The generally accepted test of whether a document falls within the work product doctrine was set forth in United States v. Gulf Oil Corporation, 760 F.2d at 296:
Our inquiry should be to determine the “primary motivating purpose behind the creation of the document.” See
United States v. Davis, 636 F.2d 1028, 1040 (5th Cir.1981). If the primary motivating purpose behind the creation of the document is not to assist in pending or impending litigation, then a finding that the document enjoys work product immunity is not mandated.
United States v. El Paso Company, 682 F.2d 530, 542–43 (5th Cir.1982), cert. denied,
466 U.S. 944, 104 S.Ct. 1927, 80 L.Ed.2d 473 (1984); Colton v. United States, 306 F.2d 633, 639–40 (2d Cir.1962), cert. denied,
371 U.S. 951, 83 S.Ct. 505, 9 L.Ed.2d 499 (1963). The court finds that Cerio's original preparation of the monthly/weekly reports was in the ordinary course of the business of the Elmira Correctional Facility to facilitate inmate relationships with DOCS officials by prompt response to administrative inmate complaints.
Defendants' have offered no reason to suppose that Cerio's preparation of the weekly/monthly reports is now any less related to the admitted business purpose for their creation simply because of the institution of this lawsuit. In this case, the computer printouts in the second category which assisted Cerio in this endeavor are, upon the court's in camera
Gould, Inc. v. Mitsui Mining & Smelting *642 Co., Inc., 825 F.2d at 680, wholly different in form and somewhat different in content from the printouts in the first category sent to Barrantes. While there is ample reason to assume that the second category printouts used by Cerio are now prepared with the pending litigation in mind, the primary motivation for their creation concerns the on-going effort in the normal course of business at Elmira, begun well prior to litigation and not in contemplation of it, to appropriately respond to inmate grievances presented through the Inmate Liaison Committee. The nature of these second category printouts thus preclude any work product doctrine protection. Mercy v. County of Suffolk, 93 F.R.D. 520, 522 (E.D.N.Y.1982).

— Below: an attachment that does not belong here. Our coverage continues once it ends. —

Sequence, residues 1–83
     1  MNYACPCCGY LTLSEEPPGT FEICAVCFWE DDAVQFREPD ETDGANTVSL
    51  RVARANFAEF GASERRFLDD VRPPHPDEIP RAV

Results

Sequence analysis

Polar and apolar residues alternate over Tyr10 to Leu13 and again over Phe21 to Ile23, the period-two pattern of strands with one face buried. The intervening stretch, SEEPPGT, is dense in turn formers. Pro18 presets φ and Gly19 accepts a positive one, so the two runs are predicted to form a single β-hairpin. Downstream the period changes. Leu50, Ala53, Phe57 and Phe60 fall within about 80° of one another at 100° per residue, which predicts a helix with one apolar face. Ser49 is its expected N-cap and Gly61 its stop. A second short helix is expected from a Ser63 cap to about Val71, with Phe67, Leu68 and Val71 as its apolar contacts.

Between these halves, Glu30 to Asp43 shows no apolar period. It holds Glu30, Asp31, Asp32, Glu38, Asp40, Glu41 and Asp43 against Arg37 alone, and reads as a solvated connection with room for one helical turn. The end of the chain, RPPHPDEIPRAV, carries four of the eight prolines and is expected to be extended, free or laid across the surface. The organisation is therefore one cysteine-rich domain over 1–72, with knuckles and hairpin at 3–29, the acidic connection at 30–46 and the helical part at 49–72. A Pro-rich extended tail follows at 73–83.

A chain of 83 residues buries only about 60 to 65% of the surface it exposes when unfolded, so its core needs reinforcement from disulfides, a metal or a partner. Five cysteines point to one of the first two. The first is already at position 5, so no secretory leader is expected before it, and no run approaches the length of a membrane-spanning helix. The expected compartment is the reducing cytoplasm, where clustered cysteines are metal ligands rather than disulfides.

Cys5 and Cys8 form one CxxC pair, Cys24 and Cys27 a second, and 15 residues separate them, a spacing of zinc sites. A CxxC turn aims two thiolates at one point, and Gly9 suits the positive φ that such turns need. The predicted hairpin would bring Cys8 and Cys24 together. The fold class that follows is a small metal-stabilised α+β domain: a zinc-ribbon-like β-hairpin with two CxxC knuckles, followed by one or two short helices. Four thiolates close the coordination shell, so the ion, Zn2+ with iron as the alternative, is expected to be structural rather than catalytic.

Finally, contrary to defendants' contention, the derivation of the second category printouts from the first category documents sent to Barrantes is not controlling, especially in view of the lack of any specific showing that these quite different documents would reveal Barrantes' mental impressions. The focus of the court's inquiry is instead on the “primary motivating” force behind the creation of the documents. It is clear that the primary impetus for the first category documents was the litigation Barrantes faced. It is equally clear that the creation of the second category printouts was for the dominant purpose of assisting Cerio in the normal course of a well established and commendable pattern of business at Elmira Correctional Facility to respond to inmate complaints.